(PhysOrg.com) -- Children are awaiting the arrival of Santa with anticipation. However, last minute shoppers may find themselves running into hurdles when it comes to choosing toys for children with disabilities. Julie Brinkhoff, associate director of the Great Plains ADA Center at the University of Missouri, says it is easy for shoppers to feel unsure about what to buy for children with disabilities.
“The first consideration should be the child’s interest,” Brinkhoff said. “Children with disabilities have their own unique interests and preferences, just like all children.”
There can be a tendency for some adults to purchase items that are geared toward ‘overcoming’ or ‘rehabilitating’ a disability. Brinkhoff says these types of gifts send the message that a child should strive to be ‘better’ or ‘different’ and that is not a message a child should receive from a present.
The toy or game should be easy to use. That may mean that the toy has adaptable features designed specifically to meet the needs of children with certain disabilities.
“There are balls that beep so they can be chased and caught by children who are blind,” Brinkhoff said. “Also, one-handed video game controllers are available to be used by children or teens with the use of only one arm. Therefore, the focus is not on the disability, but the activity itself and the enjoyment it provides.”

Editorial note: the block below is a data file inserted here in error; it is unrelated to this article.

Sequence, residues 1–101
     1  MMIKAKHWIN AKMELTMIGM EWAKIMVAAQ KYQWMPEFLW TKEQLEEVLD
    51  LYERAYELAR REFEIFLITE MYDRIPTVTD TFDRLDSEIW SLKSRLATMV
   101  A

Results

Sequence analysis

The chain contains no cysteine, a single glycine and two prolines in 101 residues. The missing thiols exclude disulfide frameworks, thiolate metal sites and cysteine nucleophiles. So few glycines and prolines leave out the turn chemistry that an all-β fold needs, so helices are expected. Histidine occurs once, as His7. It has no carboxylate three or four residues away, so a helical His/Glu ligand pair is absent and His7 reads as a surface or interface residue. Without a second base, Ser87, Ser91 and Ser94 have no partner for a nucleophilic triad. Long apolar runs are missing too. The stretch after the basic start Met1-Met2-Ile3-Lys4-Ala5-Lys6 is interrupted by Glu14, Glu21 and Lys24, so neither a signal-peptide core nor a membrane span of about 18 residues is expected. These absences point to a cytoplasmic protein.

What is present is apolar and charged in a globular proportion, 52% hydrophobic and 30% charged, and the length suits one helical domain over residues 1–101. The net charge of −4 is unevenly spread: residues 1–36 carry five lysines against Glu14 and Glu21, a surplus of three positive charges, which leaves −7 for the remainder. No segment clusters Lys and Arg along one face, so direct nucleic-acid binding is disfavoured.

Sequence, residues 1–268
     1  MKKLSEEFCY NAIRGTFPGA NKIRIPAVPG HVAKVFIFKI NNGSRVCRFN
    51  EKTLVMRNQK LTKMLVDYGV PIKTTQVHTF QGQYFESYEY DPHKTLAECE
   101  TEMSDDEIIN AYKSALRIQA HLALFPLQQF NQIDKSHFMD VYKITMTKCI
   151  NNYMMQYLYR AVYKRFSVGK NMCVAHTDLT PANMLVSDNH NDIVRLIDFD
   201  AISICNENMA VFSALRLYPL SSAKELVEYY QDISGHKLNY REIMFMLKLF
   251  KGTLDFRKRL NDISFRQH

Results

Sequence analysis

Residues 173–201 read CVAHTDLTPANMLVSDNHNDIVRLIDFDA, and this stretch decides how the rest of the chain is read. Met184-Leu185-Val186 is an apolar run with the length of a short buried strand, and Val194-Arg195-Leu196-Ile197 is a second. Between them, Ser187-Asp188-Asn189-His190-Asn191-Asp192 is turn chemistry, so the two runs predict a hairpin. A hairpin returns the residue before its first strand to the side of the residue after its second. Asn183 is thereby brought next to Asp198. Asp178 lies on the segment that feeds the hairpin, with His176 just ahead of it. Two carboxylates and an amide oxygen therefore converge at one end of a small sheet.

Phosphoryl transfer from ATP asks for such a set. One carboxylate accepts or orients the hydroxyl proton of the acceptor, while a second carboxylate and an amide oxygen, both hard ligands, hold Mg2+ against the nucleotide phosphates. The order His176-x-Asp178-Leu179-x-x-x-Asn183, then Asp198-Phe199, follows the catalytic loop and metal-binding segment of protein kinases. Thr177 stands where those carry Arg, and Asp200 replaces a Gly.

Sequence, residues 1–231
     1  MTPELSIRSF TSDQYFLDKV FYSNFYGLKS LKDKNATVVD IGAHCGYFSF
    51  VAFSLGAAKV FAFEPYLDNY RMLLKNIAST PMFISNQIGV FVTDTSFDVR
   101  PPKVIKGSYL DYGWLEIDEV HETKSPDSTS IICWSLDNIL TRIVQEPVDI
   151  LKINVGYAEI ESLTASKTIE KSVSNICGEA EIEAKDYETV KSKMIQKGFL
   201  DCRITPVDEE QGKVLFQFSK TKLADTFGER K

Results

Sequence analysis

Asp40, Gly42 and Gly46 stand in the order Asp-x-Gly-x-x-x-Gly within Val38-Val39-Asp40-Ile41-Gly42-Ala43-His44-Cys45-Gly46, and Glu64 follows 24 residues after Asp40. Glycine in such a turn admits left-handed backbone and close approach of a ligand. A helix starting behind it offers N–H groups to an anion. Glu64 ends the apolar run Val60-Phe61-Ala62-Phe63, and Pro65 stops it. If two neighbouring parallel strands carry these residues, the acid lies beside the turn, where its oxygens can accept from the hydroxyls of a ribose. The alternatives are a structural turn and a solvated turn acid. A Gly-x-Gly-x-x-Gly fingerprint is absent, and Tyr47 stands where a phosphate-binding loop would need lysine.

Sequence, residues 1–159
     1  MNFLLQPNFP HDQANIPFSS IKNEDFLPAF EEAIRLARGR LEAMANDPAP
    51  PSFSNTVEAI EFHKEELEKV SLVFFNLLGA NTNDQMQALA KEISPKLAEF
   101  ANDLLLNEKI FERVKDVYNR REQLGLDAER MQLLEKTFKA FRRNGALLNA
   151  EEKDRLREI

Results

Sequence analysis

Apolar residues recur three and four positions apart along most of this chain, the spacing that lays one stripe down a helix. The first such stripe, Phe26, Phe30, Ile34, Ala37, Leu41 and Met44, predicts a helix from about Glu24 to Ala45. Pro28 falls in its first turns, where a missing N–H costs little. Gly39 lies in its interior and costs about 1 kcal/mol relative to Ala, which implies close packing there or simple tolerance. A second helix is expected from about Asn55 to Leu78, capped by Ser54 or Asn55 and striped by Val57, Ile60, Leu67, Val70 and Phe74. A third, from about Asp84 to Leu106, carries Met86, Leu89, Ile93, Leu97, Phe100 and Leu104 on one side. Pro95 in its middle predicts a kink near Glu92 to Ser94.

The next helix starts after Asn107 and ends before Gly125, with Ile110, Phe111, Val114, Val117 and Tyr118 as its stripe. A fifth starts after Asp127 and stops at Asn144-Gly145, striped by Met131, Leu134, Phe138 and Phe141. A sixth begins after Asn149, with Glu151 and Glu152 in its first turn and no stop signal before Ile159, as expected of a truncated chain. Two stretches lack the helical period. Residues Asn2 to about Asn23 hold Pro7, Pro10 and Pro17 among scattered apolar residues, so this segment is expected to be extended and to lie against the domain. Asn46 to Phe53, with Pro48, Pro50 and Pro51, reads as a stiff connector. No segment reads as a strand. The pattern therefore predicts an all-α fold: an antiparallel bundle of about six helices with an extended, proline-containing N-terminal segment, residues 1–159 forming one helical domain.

Brinkhoff gives the following tips from the National Lekotek Center, a resource for information on toys and play for children with disabilities:
• Does the toy have multisensory appeal (lights, sounds, scent and movement)?
• Can the toy be activated easily without frustration?
• Does the toy give a child the opportunity for success with no definite right or wrong?
• Is the toy popular so that a child with a disability will feel like ‘any other kid’?
• Does the toy allow for creativity, uniqueness and choice-making?
• Is the toy safe and durable?
• Is the toy adjustable (height, sound volume, speed, level of difficulty)?
• Does the toy provide potential for interaction or encourage social engagement with others?
• Does the toy provide activities that reflect both the developmental and chronological age of the child?
The Great Plains ADA Center is part of the MU School of Health Professions.
Provided by University of Missouri
Explore further: European nations sign world's first organ trafficking treaty